2 -molecule. The protons are labeled 1 (right) and 2 (left).
binding energy of the hydrogen atom is E b = ?H = p 2 /2m e . If the electron can
spread out and be at two protons, as in the molecule H+
2 , more space is available
to the electron and its momentum and the binding energy will be lower.
The electronic wavefunctions and the electron energies are schemtically
drawn in ?gure 7.7 for intermediate R. When one includes the repulsion among
the protons and considers the full Hamiltonian (7.6), the binding energy of the
2 molecule has its minimum E b = 2.65 eV at a distance of about two Bohr
radii. This is the stable con?guration of the molecule and E b is the dissociation
energy. When R is further reduced towards zero, repulsion between the protons
dominates and the system is again unstable.
7.2.2 Ionic bonding
In ionic or heteropolar bonds, the adhesion is due to long-range Coulomb forces.
In a crystal, the ions of opposite sign attract and those of the same sign repel each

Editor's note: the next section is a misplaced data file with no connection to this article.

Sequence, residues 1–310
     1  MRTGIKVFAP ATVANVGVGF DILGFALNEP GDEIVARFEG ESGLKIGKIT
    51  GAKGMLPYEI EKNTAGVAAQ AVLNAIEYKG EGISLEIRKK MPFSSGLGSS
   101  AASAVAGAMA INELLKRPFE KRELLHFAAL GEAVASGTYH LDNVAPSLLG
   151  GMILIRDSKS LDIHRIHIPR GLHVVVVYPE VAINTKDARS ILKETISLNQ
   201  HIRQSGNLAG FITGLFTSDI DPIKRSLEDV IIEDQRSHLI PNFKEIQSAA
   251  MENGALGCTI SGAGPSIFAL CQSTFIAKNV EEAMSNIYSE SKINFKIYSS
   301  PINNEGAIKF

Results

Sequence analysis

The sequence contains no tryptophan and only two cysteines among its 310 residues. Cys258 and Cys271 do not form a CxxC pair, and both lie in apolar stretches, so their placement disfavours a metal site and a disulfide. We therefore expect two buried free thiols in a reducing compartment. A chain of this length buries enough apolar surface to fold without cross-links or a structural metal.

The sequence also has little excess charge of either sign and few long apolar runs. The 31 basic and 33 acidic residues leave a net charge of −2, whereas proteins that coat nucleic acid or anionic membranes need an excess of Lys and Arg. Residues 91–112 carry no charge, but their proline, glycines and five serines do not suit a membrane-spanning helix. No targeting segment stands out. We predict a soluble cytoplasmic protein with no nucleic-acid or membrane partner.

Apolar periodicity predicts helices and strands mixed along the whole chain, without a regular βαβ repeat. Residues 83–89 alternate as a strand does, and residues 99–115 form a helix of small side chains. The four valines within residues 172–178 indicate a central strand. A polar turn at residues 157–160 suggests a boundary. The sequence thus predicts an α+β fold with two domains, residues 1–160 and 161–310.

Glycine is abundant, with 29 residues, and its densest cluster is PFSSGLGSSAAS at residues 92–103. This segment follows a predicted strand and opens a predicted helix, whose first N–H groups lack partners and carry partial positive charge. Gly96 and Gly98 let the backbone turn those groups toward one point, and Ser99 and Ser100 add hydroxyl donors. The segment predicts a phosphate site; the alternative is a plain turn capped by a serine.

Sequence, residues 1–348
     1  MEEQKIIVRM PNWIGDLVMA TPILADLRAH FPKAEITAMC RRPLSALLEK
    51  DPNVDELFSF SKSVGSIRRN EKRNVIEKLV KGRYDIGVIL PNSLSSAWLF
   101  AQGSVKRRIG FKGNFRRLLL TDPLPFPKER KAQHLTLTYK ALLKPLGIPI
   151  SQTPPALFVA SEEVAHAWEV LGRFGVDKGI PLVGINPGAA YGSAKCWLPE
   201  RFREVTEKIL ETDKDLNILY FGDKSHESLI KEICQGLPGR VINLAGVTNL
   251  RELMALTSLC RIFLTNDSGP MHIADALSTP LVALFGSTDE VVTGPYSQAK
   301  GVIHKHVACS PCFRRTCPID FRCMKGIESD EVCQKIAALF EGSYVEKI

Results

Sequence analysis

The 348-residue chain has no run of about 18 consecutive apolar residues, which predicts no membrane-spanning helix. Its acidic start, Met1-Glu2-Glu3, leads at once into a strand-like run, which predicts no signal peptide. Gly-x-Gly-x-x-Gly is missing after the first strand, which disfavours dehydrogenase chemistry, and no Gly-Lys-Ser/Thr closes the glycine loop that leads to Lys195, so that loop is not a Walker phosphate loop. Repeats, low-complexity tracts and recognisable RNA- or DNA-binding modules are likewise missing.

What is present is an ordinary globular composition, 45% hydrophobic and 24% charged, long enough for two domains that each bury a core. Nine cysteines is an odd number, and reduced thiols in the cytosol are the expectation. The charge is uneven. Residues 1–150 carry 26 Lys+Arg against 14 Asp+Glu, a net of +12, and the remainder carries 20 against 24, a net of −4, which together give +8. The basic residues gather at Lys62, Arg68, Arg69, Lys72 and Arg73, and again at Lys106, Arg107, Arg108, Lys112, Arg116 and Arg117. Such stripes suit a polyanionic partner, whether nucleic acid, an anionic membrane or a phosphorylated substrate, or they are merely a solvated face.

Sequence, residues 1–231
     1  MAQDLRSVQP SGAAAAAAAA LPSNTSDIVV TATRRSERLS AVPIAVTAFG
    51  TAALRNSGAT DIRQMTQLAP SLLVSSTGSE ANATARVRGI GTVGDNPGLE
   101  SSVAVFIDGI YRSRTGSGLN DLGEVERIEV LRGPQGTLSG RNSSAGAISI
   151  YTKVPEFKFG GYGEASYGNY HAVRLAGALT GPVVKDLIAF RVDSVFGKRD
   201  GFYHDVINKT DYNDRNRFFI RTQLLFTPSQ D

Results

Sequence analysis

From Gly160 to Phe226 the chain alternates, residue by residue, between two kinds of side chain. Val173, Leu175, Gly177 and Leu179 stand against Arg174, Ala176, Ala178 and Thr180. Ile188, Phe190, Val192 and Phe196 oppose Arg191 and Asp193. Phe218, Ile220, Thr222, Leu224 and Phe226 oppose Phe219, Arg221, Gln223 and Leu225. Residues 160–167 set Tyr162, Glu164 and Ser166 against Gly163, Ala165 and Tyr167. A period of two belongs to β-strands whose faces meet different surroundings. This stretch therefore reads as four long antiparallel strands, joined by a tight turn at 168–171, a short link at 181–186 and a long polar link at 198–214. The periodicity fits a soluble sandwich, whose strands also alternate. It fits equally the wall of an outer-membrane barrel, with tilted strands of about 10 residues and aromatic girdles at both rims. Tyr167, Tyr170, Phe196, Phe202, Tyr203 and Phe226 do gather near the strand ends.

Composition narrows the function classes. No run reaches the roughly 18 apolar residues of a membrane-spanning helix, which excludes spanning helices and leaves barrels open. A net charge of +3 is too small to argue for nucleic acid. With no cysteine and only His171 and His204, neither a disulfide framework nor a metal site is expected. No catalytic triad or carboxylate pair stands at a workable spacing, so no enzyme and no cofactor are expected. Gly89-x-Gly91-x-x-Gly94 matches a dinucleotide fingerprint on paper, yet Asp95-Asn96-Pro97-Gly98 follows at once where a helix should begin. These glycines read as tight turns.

other but in the end, attraction wins. At short distances, there is an additional
kind of repulsion but it acts only between adjacent atoms. It results from Pauli?s
exclusion principle which restricts the overlap of electron clouds.
Let us take a sodium chloride crystal (NaCl) as an example of ionic bonding.
One partner, the alkali metal, is relatively easy to ionize (5.14 eV) and the other,
the halogen Cl, has a high electron af?nity (3.61 eV). Although the transfer of the
electron from Na to Cl requires 5.14 ? 3.61 = 1.53 eV, the Na+ and Cl? ions can
supply this de?cit. They can provide even more than that in the form of potential
energy by coming close together. Indeed, at the equilibrium distance of 2.8 A?, the
binding energy per molecule equals 6.4 eV.